A classification of mandibular defects based on functional as well as aesthetic factors is presented. By taking into account the difficulties in restoring form and function and not simply relying on traditional anatomic landmarks, it is hoped that this method will allow different types of reconstructions to be fairly evaluated. It also should help surgeons to tailor individual reconstructive techniques to specific clinical situations. Major difficulties in mandibular reconstruction arise when a condyle requires replacement, when there is a mucosal and/or skin component to the defect, and when the area to be reconstructed involves the anterior arch.
The classification is based on three upper-case and three lower-case characters: H, C, L and o, m, s. H defects are lateral defects of any length, including the condyle but not significantly crossing the midline; L defects are the same only without the condyle; C defects consist of the entire central segment containing the four incisors and the two canines. Combinations of these letters are possible (an angle-to-angle defect, for example, is represented as LCL). Thus H and L defects may reach or even extend slightly beyond the midline but are not referred to as LC or HC unless they contain the entire central segment. The letters o (neither a skin nor a mucosal component), s (skin), m (mucosa), and sm (skin plus mucosa) are added to denote the epithelial requirement.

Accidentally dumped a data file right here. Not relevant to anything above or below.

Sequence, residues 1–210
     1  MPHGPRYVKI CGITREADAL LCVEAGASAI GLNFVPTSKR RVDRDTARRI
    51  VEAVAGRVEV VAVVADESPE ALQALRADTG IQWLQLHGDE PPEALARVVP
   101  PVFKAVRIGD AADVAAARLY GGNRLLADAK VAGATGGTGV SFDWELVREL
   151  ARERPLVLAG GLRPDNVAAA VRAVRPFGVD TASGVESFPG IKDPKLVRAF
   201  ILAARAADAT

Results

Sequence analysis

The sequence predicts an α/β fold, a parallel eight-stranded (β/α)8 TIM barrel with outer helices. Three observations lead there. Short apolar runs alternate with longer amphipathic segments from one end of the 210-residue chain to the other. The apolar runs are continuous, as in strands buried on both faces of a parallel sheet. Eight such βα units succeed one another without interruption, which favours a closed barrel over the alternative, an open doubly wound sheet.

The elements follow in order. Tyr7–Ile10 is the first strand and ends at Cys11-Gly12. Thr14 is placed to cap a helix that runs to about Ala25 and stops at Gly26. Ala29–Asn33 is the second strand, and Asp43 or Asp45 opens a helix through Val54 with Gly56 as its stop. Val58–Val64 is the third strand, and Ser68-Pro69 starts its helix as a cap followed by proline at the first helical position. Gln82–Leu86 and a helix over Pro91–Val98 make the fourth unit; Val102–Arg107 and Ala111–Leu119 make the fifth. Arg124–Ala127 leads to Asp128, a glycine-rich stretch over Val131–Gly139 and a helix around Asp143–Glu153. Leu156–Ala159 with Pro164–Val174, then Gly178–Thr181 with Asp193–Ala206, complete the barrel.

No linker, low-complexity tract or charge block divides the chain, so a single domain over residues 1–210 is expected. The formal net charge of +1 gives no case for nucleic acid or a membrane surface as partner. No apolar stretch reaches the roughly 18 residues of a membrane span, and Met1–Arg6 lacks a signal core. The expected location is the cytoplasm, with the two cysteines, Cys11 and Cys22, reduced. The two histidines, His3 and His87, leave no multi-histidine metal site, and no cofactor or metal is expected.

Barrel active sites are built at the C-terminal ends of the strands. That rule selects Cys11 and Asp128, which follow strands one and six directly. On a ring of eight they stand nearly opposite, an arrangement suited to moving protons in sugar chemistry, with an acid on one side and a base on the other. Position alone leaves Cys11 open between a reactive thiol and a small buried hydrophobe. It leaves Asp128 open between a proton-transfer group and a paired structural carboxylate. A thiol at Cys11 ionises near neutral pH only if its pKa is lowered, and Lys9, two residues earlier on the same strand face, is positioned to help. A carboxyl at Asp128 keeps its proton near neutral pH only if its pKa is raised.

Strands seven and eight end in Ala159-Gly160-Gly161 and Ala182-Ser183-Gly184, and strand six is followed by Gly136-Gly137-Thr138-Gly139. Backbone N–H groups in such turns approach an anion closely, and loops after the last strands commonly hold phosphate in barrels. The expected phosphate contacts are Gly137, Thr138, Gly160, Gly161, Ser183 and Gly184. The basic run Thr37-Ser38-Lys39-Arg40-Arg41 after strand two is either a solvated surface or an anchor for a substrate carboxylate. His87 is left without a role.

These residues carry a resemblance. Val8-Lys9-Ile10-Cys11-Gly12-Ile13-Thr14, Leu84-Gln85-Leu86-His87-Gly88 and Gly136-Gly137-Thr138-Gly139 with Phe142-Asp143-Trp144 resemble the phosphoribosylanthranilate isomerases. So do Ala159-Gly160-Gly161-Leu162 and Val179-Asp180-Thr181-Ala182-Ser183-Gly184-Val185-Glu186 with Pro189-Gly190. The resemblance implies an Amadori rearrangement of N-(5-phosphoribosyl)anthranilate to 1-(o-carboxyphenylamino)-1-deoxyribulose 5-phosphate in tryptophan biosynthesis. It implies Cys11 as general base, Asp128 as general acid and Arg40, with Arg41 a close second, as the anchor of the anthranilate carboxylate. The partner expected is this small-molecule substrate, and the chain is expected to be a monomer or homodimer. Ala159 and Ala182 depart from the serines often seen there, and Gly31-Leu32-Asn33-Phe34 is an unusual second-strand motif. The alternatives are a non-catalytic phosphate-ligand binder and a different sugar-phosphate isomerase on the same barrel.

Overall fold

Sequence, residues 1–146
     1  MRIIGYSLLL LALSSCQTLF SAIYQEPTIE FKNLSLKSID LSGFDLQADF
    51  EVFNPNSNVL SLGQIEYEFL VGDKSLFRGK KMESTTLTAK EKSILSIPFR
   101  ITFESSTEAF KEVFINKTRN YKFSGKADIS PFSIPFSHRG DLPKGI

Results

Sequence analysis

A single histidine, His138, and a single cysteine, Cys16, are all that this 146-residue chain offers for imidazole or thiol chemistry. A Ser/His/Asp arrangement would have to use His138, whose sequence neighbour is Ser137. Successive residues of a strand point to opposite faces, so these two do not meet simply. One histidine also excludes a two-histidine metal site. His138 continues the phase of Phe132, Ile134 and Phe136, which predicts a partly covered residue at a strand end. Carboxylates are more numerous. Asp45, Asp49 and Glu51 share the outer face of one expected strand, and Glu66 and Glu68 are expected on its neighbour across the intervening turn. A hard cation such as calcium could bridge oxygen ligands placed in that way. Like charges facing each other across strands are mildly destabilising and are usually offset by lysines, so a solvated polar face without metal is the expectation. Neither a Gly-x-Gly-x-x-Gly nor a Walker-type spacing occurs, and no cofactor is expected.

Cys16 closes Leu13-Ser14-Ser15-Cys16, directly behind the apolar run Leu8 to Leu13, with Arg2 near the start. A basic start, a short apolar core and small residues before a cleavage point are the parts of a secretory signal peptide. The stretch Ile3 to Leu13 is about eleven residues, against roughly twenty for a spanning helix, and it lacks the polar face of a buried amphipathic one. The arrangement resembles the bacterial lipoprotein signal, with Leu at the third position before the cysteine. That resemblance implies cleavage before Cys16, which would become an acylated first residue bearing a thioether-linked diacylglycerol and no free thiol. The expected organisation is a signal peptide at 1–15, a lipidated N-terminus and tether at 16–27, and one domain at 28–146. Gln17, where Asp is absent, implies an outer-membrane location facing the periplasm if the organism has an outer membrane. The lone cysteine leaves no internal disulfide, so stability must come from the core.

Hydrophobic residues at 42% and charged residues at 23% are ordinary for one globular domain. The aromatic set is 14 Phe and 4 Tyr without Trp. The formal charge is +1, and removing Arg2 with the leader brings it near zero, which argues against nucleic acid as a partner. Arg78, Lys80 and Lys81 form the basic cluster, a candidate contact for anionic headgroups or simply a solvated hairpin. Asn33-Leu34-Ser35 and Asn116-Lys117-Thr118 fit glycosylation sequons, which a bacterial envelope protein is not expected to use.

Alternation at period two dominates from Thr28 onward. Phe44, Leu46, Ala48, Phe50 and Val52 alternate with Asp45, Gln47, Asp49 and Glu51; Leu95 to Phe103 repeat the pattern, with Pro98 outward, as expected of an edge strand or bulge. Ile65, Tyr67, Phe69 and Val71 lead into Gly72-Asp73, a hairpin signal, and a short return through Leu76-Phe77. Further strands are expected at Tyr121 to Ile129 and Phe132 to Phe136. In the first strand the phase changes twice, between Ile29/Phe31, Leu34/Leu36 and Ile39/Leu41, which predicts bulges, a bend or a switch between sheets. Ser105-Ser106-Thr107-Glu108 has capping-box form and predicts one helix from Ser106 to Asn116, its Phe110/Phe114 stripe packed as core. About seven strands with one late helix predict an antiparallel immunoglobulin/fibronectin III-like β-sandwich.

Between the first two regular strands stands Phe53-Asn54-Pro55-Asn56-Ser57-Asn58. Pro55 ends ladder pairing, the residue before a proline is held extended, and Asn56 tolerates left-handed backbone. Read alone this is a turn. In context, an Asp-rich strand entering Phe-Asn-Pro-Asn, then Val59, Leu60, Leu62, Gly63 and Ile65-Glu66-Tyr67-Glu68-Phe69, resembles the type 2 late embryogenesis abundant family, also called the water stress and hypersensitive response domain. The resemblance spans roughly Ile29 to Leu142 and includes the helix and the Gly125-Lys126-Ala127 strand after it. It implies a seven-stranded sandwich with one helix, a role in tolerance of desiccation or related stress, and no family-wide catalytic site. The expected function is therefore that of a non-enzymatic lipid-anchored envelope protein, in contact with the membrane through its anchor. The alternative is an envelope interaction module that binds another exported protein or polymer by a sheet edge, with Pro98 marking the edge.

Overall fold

Current strategies for jaw reconstruction require multiple procedures, first to repair the bone defect to offer sufficient support, and then to place the tooth implant. The entire procedure can be painful and time-consuming, and the desired esthetic and functional repair can be achieved only when both steps are successful. Although the patient's quality of life can be improved significantly, the prognosis is often unpredictable, especially in young patients, whose jaws continue to grow, while the implant remains fixed. The ability to bioengineer combined tooth and bone constructs, which would grow in a coordinated fashion with the surrounding tissues, could potentially improve the clinical outcomes, and also reduce patient suffering.
Under the guidance of Dr. Pamela C. Yelick, a research team at Tufts University (Boston, MA) has examined the feasibility of simultaneously reconstructing both teeth and bone. In 2002, the group first reported the regeneration of tooth crowns, from cultured tooth bud cells seeded onto biodegradable scaffolds and implanted into rat hosts. The morphology of the developing tissue-engineered tooth crowns closely resembled that of naturally formed teeth. Next, they generated a hybrid tooth-bone construct, by combining a bone-marrow-derived stem-cell-seeded scaffold with the previously used tooth model, implanted and grown in the omenta (tissues connecting abdominal structures) of rat hosts. In this case, the formation of not only the tooth crowns but also tooth root and surrounding alveolar bone was observed. However, since the omentum offers an environment quite distinct from that of the natural tooth site, the jawbone, the team examined hybrid tooth-bone construct development using third molar tooth bud cells and bone marrow derived from, and implanted back into, the same minipig.